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7 June 2003

I think Misha is dissatisfied with my performance as chatelain and helpmeet. I keep finding her sitting in my chairs, keeping one move ahead of me all around the house; I suspect this is to remind me who wears the fur in this house. As if I needed telling. Trouble is, I can't buy her off with treats, special food and such, she's not interested in that. What she wants is company. There's a natural limit to how much I can be around, and even when I am, I cannot always have her sitting on me. These days I can't even have her in my lap when I'm working, she's too fidgety and distracting; so I throw her off, and she scrabbled at my leg for a few minutes, and then she curls up on the floor directly behind the right-hand castor of my chair, so that she's always in my eyeline if I glance downward and I daren't shift the chair a millimetre backwards for fear of agonised yowling. Actually, those times I've been careless, I'm fairly sure that she whisked herself away a moment before the castor would have touched her, but she yowls anyway on general principles, and then has to be comforted, and - well, has anyone got a temperamental toddler they'd like to swap for a middle-aged cat?

Had a good day today, though, after the miserablenesses of the recent few. Spent much of it being smug, on account of my poor agents have been afflicted with a virus (Bugbear.B., apparently it's all the rage among you Windows-using types), and there is nothing like someone else's catastrophe to make you feel cocky that you have avoided same. I suppose that's bad, and we should rather feel humble and grateful and there-but-for-the-grace-of-God - but this really is a matter of choice, and those of us who have chosen to use Linux did so partly at least for these reasons, that we avoid the plagues and tempests that Windows is heir to. No doubt we're heading for a fall here, and when it comes it will be appalling; but meanwhile I wander around with this happy illusion in my head that it never will come, that the whole structure of society militates against it. People write viruses for Windows because it's easy, and because they have this vast soft target to aim at so they really can't miss, it's that childish satisfaction of only playing games that you know you're going to win. People don't write viruses for Linux because the target is small (an installed base of what, millions as against hundreds of millions? That sort of proportion) and difficult to hit (much greater security inherent in the software, and a much more security-minded user base) and it takes work to learn how to do it - and this is probably fantasy, but what I like to think is that by the time would-be virus writers have got that far, they are of necessity so deep-sunk into the Linux way of doing things that actually they figure out it would be more fun to be a contributor, part of the community, writing real code with real functionality. Ach, just call me a dreamer, what do I care? I am watchful, but there are still no viruses knocking at my door.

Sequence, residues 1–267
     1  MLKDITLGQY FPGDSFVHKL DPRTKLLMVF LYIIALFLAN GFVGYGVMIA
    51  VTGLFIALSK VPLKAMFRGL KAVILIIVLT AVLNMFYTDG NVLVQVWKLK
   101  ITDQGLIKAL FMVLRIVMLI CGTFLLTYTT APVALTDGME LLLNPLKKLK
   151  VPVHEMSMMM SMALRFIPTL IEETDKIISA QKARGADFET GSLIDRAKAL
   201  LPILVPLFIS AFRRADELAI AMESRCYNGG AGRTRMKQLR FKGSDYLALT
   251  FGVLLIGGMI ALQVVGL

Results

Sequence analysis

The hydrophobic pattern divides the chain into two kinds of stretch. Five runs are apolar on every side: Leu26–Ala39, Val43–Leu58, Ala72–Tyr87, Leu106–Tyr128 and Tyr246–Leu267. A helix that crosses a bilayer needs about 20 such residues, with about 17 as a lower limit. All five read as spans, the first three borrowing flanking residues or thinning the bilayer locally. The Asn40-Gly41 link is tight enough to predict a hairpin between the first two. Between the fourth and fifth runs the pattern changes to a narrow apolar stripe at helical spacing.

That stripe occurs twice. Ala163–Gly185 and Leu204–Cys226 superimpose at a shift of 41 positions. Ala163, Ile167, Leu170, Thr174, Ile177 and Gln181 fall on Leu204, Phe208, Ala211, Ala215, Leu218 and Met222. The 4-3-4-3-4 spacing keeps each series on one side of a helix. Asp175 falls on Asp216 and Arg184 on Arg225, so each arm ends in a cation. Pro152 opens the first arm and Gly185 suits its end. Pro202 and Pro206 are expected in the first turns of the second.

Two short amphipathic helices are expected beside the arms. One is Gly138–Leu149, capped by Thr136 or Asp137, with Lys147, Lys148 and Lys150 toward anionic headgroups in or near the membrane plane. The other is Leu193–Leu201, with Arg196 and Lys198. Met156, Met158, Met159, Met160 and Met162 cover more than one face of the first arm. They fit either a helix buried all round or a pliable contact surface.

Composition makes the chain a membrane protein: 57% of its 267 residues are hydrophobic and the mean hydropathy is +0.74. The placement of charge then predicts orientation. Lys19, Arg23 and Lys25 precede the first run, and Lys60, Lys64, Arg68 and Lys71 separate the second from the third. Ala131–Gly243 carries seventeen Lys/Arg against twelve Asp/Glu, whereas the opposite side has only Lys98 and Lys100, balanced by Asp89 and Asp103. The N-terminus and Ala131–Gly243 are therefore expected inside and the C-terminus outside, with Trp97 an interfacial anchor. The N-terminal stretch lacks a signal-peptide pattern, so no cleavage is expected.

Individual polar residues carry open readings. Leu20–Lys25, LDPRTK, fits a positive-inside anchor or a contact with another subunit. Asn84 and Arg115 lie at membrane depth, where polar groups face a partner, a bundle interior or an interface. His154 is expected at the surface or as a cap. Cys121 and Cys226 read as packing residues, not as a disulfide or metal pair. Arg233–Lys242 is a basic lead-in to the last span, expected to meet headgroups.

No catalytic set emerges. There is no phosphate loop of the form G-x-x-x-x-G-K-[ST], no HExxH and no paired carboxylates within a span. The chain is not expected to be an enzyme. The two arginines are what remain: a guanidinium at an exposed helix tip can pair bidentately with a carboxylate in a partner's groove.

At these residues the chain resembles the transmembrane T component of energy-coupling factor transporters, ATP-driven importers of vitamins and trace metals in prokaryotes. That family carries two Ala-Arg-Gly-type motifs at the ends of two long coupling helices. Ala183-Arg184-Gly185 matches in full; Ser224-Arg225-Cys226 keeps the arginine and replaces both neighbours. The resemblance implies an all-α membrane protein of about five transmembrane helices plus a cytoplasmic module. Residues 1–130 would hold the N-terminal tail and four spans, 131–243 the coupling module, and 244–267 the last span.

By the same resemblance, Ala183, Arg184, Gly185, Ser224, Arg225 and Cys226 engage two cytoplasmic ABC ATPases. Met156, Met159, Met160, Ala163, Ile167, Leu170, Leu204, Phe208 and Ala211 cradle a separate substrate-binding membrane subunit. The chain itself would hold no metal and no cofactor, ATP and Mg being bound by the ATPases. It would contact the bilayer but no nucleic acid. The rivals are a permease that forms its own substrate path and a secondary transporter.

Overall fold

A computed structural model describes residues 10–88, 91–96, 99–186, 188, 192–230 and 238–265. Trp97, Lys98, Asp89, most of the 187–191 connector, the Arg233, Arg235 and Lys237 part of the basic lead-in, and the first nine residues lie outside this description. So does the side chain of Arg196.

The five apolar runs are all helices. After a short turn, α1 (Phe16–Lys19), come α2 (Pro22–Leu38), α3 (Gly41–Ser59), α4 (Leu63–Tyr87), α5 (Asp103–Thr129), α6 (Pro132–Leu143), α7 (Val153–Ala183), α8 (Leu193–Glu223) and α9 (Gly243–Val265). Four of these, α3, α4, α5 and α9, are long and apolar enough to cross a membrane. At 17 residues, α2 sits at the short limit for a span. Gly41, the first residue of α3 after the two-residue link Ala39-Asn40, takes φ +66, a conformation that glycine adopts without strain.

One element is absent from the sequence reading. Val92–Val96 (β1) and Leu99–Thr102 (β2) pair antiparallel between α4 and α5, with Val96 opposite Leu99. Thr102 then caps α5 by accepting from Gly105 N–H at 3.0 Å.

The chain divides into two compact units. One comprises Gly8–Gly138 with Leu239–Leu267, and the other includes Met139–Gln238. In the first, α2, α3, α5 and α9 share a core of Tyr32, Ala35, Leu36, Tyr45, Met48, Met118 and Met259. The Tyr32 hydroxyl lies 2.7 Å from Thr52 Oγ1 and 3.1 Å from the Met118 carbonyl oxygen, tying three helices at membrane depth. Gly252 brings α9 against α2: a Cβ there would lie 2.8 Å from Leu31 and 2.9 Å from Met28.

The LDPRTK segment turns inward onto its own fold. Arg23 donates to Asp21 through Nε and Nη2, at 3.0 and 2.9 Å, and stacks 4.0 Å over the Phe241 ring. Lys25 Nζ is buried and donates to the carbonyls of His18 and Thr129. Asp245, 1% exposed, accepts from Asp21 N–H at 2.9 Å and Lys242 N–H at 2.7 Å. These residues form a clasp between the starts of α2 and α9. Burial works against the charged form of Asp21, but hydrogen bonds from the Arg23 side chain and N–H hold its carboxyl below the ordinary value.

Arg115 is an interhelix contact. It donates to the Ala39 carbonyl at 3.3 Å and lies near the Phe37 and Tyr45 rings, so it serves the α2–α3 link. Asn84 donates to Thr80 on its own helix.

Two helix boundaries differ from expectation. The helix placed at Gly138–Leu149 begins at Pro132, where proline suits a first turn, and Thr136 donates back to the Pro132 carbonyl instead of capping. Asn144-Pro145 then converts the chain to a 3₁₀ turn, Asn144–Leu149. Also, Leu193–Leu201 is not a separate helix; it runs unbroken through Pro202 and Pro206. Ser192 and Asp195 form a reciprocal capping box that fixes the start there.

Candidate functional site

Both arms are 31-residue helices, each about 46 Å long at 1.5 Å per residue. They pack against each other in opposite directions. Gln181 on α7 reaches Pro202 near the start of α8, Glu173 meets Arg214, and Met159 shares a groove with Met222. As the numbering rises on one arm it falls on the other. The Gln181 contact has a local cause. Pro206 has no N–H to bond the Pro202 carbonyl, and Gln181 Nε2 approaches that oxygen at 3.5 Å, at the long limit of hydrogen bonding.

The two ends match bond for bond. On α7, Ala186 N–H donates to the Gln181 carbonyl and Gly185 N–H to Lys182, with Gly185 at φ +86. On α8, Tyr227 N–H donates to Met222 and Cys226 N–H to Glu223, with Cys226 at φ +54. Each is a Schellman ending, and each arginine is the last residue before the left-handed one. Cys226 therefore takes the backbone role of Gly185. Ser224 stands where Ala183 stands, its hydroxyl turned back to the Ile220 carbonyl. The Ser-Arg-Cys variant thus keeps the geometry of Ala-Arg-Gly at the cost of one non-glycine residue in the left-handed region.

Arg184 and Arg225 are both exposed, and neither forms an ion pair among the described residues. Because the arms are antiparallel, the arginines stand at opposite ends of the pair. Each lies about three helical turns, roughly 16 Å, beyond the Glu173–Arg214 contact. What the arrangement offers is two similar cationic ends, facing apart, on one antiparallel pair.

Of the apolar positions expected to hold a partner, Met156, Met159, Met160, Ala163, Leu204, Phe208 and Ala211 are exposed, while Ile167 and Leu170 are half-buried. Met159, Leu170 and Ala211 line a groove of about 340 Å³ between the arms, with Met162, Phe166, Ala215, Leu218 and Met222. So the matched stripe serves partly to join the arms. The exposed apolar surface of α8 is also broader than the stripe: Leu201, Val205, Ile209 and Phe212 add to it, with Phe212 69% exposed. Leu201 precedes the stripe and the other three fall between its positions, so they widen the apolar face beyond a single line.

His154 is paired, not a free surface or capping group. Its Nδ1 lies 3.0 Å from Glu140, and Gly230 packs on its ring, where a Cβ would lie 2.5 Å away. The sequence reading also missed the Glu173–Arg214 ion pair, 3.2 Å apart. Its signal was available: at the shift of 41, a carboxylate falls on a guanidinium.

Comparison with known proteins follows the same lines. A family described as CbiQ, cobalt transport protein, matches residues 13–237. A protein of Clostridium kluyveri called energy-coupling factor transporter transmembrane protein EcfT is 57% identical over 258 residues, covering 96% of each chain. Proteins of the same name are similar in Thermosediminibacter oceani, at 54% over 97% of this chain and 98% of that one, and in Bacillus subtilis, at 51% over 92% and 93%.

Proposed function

So yes, general bouncing on my Linux toes today, feeling that for once in my life I made a right choice there; and I bounced all the way into town to the farmer's market, and did some happy shopping. Mostly herbs, little creeping varieties of thyme and rosemary and mint for this fake rockery I've put together with old compost and concrete rubble, and very nice it looks all planted up. No idea if the plants will survive, but hey, this is all learning.

And this afternoon I baked a cake, for dinner at Kate's tomorrow; and I have decided to call it a St Clements cake, on account of the oranges and lemons that went into it. If it's nice, I'll post the recipe here; if it isn't, you will never hear of it again (unless of course it's a total disaster, in which case I promise you the whole story of my humiliation, you'll like that).

And all the while I was listening to the cricket, and that was good too. I should really be there, the first-ever test at Chester-le-Street, just down the railway, first stop from here; but I have my tax returns to do, so I have to be here, in order to avoid them properly.

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© Chaz Brenchley 2003
Reproduced here by permission of Chaz Brenchley, who asserts his moral right to be identified as the author of this work.